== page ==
Francis Galton

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In existographies, Francis Galton (133-44 BE) (1822-1911 ACM) (IQ:150|#886) (RGM:172|1,350+) (PR:2,916|65AE / statistician:1) (Becker 160:123|3L) (Simmons 100:94) (CR:53) (LH:7) (TL:60) was an English anthropologist, statistician, psychologist, half-cousin to English naturalist Charles Darwin, noted for his 1869 Hereditary Genius, one of the first books on the science of genius; for his 1879 dialogue[1] with James Maxwell on the topic of free will; for his interest in William Thomson’s lecture on Maxwell's demon at the Royal Institute; and for being the first historical person that Lewis Terman (1917) did an IQ calculation of (see: Galton's IQ) using his newly-invented "historiometric method".


Hereditary Genius

In 1869, Francis Galton, on the heels of his cousin Charles Darwin's 1859 On the Origin of Species, published Hereditary Genius, characterized as the first scientific attempt to study genius and greatness.[2] While path breaking, the study was biased from the get-go, per Galton's underlying aim to prove that genius was inherited. This didn't meet well many:

Galton, in Hereditary Genius, went to great lengths to show that talent runs in families and was coded into our biology. Oddly enough, he never pointed out that more than half of his ‘geniuses’ is turned up in families with no history of distinction at all such was the power of prejudice that he concentrated only on those who supported his hereditarian views.”
— Steve Jones (1994), The Language of Genes (pg. 225)[3]

Moreover, presently, via analysis of the top 2000 minds, "genius families" are very rare, meaning genius generally is not something in the genes or inherited, as Galton believed. Nevertheless, this was on of the first main publications in the now-popular science of genius studies.

Eugenics | Good Genes

In 1883, Galton, in his Inquiries into Human Faculty and its Development , building on his earlier “inherited genius” theory, says his new aim is to venture into the following objective:

“My general object has been to take note of the varied hereditary faculties of different men, and of the great differences in different families and races, to learn how far history may have shown the practicability of supplanting inefficient human stock by better strains, and to consider whether it might not be our duty to do so by such efforts as may be reasonable, thus exerting ourselves to further the ends of evolution more rapidly and with less distress than if events were left to their own course.”
— Francis Galton (1883), Inquiries into Human Faculty and its Development (pgs. 1-2)[4]

Here, Galton seems to be under the impression that evolution is "goal" of the universe? Next, he seems to say that it is the duty of man, in the scheme of evolution, to improve different races:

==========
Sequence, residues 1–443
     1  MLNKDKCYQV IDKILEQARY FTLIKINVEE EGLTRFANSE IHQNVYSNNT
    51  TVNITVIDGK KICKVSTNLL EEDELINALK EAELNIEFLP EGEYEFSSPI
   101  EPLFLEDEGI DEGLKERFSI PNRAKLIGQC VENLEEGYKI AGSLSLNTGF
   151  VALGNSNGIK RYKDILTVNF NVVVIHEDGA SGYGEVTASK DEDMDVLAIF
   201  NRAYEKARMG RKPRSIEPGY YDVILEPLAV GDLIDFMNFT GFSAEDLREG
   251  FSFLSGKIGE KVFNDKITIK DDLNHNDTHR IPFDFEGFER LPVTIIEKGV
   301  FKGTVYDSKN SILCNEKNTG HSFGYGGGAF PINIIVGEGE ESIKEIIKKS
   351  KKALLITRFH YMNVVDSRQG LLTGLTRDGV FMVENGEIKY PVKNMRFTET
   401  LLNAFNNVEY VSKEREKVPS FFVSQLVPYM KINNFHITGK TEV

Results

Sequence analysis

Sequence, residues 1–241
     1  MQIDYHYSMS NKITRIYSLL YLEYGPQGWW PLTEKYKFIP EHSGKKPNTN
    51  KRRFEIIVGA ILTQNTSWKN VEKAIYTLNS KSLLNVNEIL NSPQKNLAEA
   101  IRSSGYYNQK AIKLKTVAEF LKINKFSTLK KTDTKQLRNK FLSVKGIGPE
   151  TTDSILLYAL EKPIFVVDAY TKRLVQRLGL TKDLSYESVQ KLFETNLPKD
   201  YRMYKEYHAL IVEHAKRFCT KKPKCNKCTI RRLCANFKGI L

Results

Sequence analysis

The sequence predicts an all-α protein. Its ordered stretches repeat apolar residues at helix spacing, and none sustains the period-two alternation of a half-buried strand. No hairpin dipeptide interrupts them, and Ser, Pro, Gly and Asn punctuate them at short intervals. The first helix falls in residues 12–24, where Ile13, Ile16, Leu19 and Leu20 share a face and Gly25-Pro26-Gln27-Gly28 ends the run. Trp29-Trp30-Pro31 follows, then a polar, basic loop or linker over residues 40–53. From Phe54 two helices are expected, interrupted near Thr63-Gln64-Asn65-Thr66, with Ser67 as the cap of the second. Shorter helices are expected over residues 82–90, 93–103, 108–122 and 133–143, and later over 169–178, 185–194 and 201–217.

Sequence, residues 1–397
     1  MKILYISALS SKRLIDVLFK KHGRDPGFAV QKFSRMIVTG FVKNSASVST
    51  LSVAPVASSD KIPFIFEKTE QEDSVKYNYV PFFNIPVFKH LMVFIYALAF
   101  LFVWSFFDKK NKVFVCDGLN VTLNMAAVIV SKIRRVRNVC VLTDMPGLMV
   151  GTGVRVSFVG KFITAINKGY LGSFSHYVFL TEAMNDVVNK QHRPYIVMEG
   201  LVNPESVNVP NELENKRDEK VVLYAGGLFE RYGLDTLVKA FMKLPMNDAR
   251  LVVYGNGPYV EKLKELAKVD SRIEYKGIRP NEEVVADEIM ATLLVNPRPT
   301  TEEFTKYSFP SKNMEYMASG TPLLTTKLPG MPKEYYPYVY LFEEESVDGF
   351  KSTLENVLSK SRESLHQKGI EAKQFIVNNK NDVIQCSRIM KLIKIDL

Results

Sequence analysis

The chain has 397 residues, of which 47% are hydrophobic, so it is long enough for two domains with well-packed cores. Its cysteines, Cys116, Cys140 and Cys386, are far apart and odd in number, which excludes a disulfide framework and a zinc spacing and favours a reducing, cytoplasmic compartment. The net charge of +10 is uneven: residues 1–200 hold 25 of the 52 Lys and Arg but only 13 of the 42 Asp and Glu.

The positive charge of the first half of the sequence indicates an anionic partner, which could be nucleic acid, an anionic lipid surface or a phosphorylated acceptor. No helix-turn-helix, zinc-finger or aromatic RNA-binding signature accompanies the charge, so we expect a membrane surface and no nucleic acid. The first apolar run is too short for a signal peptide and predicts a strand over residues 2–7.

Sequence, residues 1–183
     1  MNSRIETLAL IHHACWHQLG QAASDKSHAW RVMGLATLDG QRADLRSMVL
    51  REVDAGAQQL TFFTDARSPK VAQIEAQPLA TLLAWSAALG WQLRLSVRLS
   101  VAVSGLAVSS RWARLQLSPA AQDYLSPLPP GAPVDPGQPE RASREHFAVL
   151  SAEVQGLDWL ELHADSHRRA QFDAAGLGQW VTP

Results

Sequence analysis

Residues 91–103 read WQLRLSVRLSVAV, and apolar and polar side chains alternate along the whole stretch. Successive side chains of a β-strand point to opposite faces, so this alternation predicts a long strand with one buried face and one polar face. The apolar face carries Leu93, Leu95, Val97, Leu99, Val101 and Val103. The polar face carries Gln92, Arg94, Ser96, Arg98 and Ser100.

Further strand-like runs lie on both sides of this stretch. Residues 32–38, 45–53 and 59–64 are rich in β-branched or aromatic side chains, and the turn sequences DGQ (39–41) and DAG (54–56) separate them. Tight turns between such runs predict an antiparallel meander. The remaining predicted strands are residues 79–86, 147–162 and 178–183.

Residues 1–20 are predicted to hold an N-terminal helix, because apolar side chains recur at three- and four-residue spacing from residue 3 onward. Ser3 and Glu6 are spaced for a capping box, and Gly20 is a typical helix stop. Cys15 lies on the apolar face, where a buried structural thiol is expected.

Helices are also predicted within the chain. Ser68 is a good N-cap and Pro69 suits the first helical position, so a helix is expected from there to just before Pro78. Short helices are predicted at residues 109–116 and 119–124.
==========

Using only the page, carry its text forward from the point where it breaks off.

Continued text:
“We must free our minds of a great deal of prejudice before we can rightly judge of the direction in which different races need to be improved. I shall endeavour to define the place and duty of man in the furtherance of the great scheme of evolution”
— Francis Galton (1883), Inquiries into Human Faculty and its Development (pgs. 3-4)

Further along, following discussion of photo morphs, e.g. where the average of 20 photos of women overlaid is deemed more “attractive”, per reasons of averageness, than any of the composite photos, facial shapes, and body shapes, in what seem to be a crude attempt at evolutionary psychology, he then jumps to the focus of his book, which is the “cultivation of races”, similar to the cultivation of crops or animals:

“I do not propose to enter further into the anthropometric differences of race, for the subject is a very large one, and this book does not profess to go into detail. Its intention is to touch on various topics more or less connected with that of the cultivation of race, or, as we might call it, with ‘eugenic’ questions, and to present the results of several of my own separate investigations. That is, with questions bearing on what is termed in Greek, eugenes, namely, ‘good’ in stock, hereditarily endowed with noble qualities. This, and the allied words, eugeneia, etc., are equally applicable to men, brutes, and plants. We greatly want a brief word to express the science of improving stock, which is by no means confined to questions of judicious mating, but which, especially in the case of man, takes cognizance of all influences that tend in however remote a degree to give to the more suitable races or strains of blood a better chance of prevailing speedily over the less suitable than they otherwise would have had. The word eugenics would sufficiently express the idea; it is at least a neater word and a more generalized one than ‘viriculture’, which I once ventured to use.”
— Francis Galton (1883), Inquiries into Human Faculty and its Development (pgs. 24-25)